SYRACUSE: Schayes (6-9-21), Rocha (6-9-21), Tucker (0-0-0), Osterkorn (1-2-4), Kerr (3-2-8), Lloyd (1-1-3), Seymour (3-4-10), King (4-3-11), Kenville (2-7-11), Farley (0-0-0) TOTALS (26-37-79). FORT WAYNE: Hutchins (8-7-23), Yardley (2-4-8), Rosenthal (2-5-9), Meineke (0-0-0), Houbregs (4-4-12), Foust (5-7-17), Phillip (4-3-11), Brian (6-4-16), Zaslofsky (0-0-0) TOTALS (31-34-96).

Score at halftime- Fort Wayne 43, Syracuse 43.


Notes On Nationals

Fort Wayne players admitted they were “scared stiff” by the late Syracuse rally, but Coach Charley Eckman discounted the fears by saying: “You really showed me you have the stuff to come back. Now let’s go all the way through this series.” Syracuse players received a dressing-down from Cervi, who later admitted: “Fort Wayne sure has been getting a break, catching us in three straight bad games.” Johnny Kerr was broken-hearted over his performance and set with his head drooped low as others filed to the shower room. Several stopped by top tell him it was just a bad game and to shake it off. The Zollners are attempting to persuade the Nats to take a training trip to Florida and Havana next year, but the Syracusans are not too interested. Fort Wayne will train in the southern clime. Since Syracuse and Fort Wayne tied for first place in overall standings there was some question as to which team would have first chance in the coming draft.

1962

Syracuse Post Standard- County Cuts Nats Rent In Half

Acts To Halt Shift To Philadelphia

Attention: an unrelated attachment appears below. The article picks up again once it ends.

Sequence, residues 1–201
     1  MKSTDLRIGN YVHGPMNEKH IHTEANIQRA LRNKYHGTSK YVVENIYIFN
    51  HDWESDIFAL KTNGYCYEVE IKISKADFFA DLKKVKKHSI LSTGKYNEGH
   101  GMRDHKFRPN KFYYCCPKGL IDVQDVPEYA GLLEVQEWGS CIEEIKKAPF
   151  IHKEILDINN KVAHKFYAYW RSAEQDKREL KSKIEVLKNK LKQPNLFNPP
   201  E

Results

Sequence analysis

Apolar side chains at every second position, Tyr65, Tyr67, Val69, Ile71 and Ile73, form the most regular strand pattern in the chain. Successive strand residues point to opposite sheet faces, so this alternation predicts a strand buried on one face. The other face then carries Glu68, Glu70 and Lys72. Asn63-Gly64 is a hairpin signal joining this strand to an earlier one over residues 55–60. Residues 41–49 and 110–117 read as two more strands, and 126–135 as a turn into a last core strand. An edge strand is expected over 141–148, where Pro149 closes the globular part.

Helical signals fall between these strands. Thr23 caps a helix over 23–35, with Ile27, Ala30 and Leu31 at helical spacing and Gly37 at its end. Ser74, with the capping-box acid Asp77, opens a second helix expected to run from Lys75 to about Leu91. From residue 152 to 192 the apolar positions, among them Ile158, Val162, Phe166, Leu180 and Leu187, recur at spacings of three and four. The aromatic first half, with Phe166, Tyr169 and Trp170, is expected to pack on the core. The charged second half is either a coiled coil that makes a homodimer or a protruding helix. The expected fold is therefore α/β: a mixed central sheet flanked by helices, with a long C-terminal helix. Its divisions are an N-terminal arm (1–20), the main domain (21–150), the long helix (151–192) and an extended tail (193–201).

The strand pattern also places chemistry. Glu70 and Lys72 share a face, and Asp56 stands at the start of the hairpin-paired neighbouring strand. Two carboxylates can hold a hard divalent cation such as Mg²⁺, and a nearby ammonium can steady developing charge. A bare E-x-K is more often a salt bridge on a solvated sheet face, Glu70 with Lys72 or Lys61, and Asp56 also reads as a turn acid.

In the face of a proposition that would transfer the Syracuse Nationals to Philadelphia to replace the Warriors in the event they are moved to San Francisco, County Executive John H. Mulroy yesterday offered a 50 percent slash in the club’s rental fee for the War Memorial. Terms for the Nats’ home court will be negotiated further at a time convenient to club president Dan Biasone, who, along with his board of directors, must have a decision on the future of the National Basketball Association team, before the annual league meeting in the first week of May. Under the new rental proposal, the Nats would be reduced from $600 a game or 10 percent of the gross receipts to $300 or five percent. The new rate would apply only in regular season games. “Another significant aspect of the county proposal,” said Mulroy, “was our agreement to waive television rights, and let the Nats keep all revenue from television. The current rate,” he continued, “is 15 percent of the television fee or $750, but in actual practice we have granted the Nats a rate of $500 flat.” In renting the War Memorial, the Nats must also pay approximately $225 for ushers and other employees at performance time. County officials will consult with the Nats before any action is taken to raise employees’ salaries. The County Executive announced the proposals after a meeting yesterday with the Conservation and Recreation Committee of the Board of Supervisors in the County Courthouse. Mulroy said of his briefing of the committee: “Although this is not necessarily a matter for legislation by the Board of Supervisors, I believe it imperative to keep the committee abreast of developments. The committee, Democrats and Republicans alike, endorsed the terms I offered the Syracuse nationals and agree that every reasonable effort must be made to keep major league basketball in Onondaga County.” Mulroy’s proposals actually were unanimously upheld by the committee composed of chairman Herbert Breckheimer, Manlius; vice chairman Ernest G. Bucci, 9th Ward; Mrs. Catherine Flattery, Fabius; William S. Andrews, 15th Ward; Robert Burns, 11th Ward; Ephram Shapero, chairman of the Board of Supervisors, 17th Ward, and Richard Grudzinski, 2nd Ward. Biasone already had expressed his pleasure over Mulroy’s efforts when he received advance word of the terms before a meeting with the Nats’ board of directors Tuesday night when a decision whether to sell the club was deferred. He reiterated his sentiments yesterday when he said: “We are pleased with negotiations and with the outlook. We are very impressed with the cooperation of Mr. Mulroy and the committee. Biasone said that one of the points of further negotiation would be a change in the rental for playoff games, pointing out that after expenses are paid for the staging of those games the receipts are split 50-50 with the league. He also explained that if a series ends in an odd number of games, the receipts are split between the home club, the visiting club and the league. The Nats, for instance, shared in the gate receipts, after expenses, in the fifth and deciding game of the series won by Philadelphia in Convention Hall last month. Rental negotiations became the first phase of important steps toward the negation of any plans to move to Philadelphia, whose club is owned by Eddie Gottleib, or to Baltimore. The Philadelphia possibility is the strongest, Gottleib having indicated that he would like to pick up the $850,000 for the switch to San Francisco and still make sure the city is not left without an NBA franchise by bringing in the Nats in an attractive transaction for Syracuse stockholders. A stockholders’ meeting is scheduled May 18. The next and probably even more vital step may be made today when Lou Abrams, executive secretary of the Chamber of Commerce, meets with Biasone. The Chamber of Commerce’s Sports Committee for the promotion of all phases of athletics here reportedly is scheduled to meet tomorrow. Biasone already has contacted several Nats’ choices in the NBA college draft, concentrating particularly of forwards Len Chappell of Wake Forest and Chet (The Jet) Walker of Bradley, both All-America choices, and Porter Meriwether of Tennessee State, ex-Nat Dick Barnett’s alma mater, and center Bob McCulley of St. Bonaventure. Biasone plans to meet with Chappell in Winston-Salem, N.C., home of Wake Forest, next Tuesday and may also go on to Memphis to confer with Meriwether, a speedy backcourt man. Another draft selection, Len Van Eman of Wichita is now in a New York Yankees farm camp.